I’ll admit last season I was one of those owners that was burned by Darren McFadden. McFadden, dubbed ‘Run DMC’ coming out of college has played more like TLC. He missed six games last season with a knee injury and when he did play he didn’t do much to contribute. While the Raiders’ organization still has high expectations for McFadden and believes he will play well this season, most owners have already moved on and are looking at Michael Bush as a better fantasy option in Oakland. The Raiders offense was horrible last season and the quarterback bust, JaMarcus “Sizzurp” Russell, is no longer behind center. With Jason Campbell running the offense, it will help the running game. The question heading into camp is whether they will use a feature back or will they have a committee. Rock Cartwright and Michael Bennett are in the mix but not much fantasy value there. I’m taking a wait-and-see approach.

Denver Broncos

Last season I missed out on drafting Knowshon Moreno in a couple of leagues due to value or someone taking him before my selection. At the end of the season, I was glad that I didn’t draft him. Before the 2009 NFL Draft, the Broncos were stockpiling runningbacks before drafting Moreno in the first round. Moreno won the starting job but started the season a little banged up. Moreno put up close to 1,000 yards rushing but his numbers were average. Correll Buckhalter backed up Moreno and had a few good games but as expected he had to deal with injuries and he was inconsistent. This season I am worried about the Broncos offense. The team lacks a true No. 1 receiver and the quarterback situation is not stable. I’d take Cedric Benson or Ryan Mathews over Moreno at this point.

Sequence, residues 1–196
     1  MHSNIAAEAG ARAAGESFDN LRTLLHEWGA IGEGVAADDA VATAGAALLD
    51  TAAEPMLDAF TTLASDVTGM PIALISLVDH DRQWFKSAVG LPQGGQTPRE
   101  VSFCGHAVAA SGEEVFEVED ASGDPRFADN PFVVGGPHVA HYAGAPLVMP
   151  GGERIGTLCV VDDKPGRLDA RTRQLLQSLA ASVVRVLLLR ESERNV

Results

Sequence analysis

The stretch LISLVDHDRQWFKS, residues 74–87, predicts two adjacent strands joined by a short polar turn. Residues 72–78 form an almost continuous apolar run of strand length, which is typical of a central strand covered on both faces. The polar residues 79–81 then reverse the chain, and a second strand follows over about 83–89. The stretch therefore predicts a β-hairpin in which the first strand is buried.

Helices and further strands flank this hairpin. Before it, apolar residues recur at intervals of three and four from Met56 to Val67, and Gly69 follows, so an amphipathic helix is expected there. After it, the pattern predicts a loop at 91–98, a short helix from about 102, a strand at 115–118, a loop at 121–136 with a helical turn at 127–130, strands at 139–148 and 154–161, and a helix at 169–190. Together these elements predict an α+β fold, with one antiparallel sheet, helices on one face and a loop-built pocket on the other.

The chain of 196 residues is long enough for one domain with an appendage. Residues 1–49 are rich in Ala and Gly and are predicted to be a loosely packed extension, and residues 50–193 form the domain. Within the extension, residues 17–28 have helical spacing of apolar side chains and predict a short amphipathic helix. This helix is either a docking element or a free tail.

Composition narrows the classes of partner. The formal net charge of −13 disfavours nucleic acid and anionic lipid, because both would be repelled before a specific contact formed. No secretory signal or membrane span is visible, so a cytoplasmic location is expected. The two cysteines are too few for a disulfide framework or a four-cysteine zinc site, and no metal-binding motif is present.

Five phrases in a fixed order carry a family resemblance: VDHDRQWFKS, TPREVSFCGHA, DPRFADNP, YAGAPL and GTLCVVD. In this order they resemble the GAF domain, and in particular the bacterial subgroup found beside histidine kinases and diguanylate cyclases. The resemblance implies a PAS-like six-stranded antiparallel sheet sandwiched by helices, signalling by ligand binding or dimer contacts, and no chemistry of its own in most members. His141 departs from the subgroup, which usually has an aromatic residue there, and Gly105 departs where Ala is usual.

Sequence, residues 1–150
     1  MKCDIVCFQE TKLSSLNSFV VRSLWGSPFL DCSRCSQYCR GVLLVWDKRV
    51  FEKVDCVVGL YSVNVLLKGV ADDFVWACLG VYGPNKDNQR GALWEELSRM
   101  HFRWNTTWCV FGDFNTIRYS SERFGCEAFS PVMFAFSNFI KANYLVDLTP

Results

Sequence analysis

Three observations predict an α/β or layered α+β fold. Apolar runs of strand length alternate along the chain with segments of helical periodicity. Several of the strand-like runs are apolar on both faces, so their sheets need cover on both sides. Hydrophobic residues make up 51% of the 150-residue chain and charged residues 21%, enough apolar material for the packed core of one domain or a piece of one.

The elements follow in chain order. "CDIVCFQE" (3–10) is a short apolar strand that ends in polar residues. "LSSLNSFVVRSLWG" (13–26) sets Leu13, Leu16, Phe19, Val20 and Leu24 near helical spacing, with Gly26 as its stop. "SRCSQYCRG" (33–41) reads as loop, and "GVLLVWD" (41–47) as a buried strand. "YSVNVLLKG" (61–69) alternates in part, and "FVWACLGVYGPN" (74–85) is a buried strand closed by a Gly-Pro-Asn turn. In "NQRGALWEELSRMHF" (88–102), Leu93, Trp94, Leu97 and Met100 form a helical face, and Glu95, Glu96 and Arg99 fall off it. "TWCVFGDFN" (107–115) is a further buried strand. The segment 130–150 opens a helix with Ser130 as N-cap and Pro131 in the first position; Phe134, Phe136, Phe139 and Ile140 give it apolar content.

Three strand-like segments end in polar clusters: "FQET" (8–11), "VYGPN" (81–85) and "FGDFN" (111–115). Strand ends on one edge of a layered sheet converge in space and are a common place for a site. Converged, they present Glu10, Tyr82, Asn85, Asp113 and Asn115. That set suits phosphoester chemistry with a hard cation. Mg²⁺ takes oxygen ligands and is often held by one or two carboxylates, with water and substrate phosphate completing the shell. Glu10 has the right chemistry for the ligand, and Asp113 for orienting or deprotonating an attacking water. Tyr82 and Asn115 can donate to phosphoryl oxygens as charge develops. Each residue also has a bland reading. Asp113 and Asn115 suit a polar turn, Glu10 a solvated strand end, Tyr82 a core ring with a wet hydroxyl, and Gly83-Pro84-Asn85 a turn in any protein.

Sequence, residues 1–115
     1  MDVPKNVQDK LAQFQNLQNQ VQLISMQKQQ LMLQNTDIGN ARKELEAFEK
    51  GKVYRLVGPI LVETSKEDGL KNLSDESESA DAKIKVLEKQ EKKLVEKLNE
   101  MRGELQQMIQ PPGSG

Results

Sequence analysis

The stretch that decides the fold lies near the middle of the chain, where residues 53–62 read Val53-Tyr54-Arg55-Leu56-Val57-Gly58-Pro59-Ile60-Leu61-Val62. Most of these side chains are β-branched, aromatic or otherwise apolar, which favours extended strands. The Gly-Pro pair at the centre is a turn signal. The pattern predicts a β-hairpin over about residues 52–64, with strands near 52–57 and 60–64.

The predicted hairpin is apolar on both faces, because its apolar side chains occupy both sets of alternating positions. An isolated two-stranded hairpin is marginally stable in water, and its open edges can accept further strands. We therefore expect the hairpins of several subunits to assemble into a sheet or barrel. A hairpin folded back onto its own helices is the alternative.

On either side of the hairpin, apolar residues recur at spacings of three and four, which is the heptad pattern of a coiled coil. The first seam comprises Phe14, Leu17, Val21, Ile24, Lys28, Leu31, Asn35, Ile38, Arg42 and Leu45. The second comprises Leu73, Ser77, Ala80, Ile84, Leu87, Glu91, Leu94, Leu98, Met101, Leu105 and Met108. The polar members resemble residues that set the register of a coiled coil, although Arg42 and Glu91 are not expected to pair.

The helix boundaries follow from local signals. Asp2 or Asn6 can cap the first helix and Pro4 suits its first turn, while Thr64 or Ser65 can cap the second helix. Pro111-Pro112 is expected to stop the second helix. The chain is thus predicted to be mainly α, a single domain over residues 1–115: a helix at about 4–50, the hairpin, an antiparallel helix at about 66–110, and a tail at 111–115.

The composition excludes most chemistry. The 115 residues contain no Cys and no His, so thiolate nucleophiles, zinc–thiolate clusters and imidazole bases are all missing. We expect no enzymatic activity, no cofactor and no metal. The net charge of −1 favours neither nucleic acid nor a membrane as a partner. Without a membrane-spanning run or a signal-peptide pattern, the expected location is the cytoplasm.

Kansas City Chiefs

I do not share the positive endorsement of Jamaal Charles that I’ve seen this offseason. Charles did finish 12th among runningbacks last season and was a beast during the fantasy playoffs, but he was the offense during that period of time. Charles did not have any competition last year at runningback and Dwayne Bowe had missed time due to a suspension, forcing the team to focus more on the run. This season the Chiefs added Thomas Jones, who was second in the league in rushing yards with 1,402 and also scored 14 rushing touchdowns. The team will look to get Jones as much involved as Charles, as well as find opportunities to use Dexter McCluster in the offense. This doesn’t mean that Charles will not be productive, but he’s drafted on average in the second round as if he is the featured back. I will pass on Charles. Select a runningback later such as Chris Wells or LeSean McCoy and take Thomas Jones in the eighth round where he is being taken for the same production Charles will provide.

San Diego Chargers

The buzz after the draft for top rookie is around Ryan Mathews who has a great opportunity in front of him to play with an offense that ranked fourth in points, but drafted Mathews because they were 31st in rushing. Darren Sproles is not going to beat him out for the starting job and is better suited for a support/change of pace role. The Chargers’ offseason issues need to be addressed to determine where Mathews should get taken. With Vincent Jackson facing a suspension and looking to holdout until Week 10, as well as the holdout of left tackle Marcus McNeill, the team could be derailed on offense and struggle, which will hurt Mathew’s production as well. Hopefully, by the time drafts come along there will be some resolution to this situation. If not, Mathews will be a riskier pick.

This concludes Part 1 of a two-part feature on runningbacks heading into training camp. Part 2 will cover the NFC. Stay cool, and ‘Mock around the Clock.’